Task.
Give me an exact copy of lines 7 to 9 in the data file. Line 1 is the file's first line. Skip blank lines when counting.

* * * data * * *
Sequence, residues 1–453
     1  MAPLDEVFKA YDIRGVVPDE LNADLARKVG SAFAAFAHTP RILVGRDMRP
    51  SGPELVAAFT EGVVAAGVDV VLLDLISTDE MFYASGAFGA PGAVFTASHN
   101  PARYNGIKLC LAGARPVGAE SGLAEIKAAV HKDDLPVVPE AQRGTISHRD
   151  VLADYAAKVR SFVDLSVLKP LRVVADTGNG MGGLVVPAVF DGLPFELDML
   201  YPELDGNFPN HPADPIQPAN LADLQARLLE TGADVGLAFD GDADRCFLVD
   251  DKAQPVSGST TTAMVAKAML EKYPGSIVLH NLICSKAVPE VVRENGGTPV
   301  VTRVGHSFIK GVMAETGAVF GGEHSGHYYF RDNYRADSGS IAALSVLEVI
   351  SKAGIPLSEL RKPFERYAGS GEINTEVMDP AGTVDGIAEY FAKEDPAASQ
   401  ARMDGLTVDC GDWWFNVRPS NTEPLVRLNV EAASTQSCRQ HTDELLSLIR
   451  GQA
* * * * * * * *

   251  DKAQPVSGST TTAMVAKAML EKYPGSIVLH NLICSKAVPE VVRENGGTPV
   301  VTRVGHSFIK GVMAETGAVF GGEHSGHYYF RDNYRADSGS IAALSVLEVI
   351  SKAGIPLSEL RKPFERYAGS GEINTEVMDP AGTVDGIAEY FAKEDPAASQ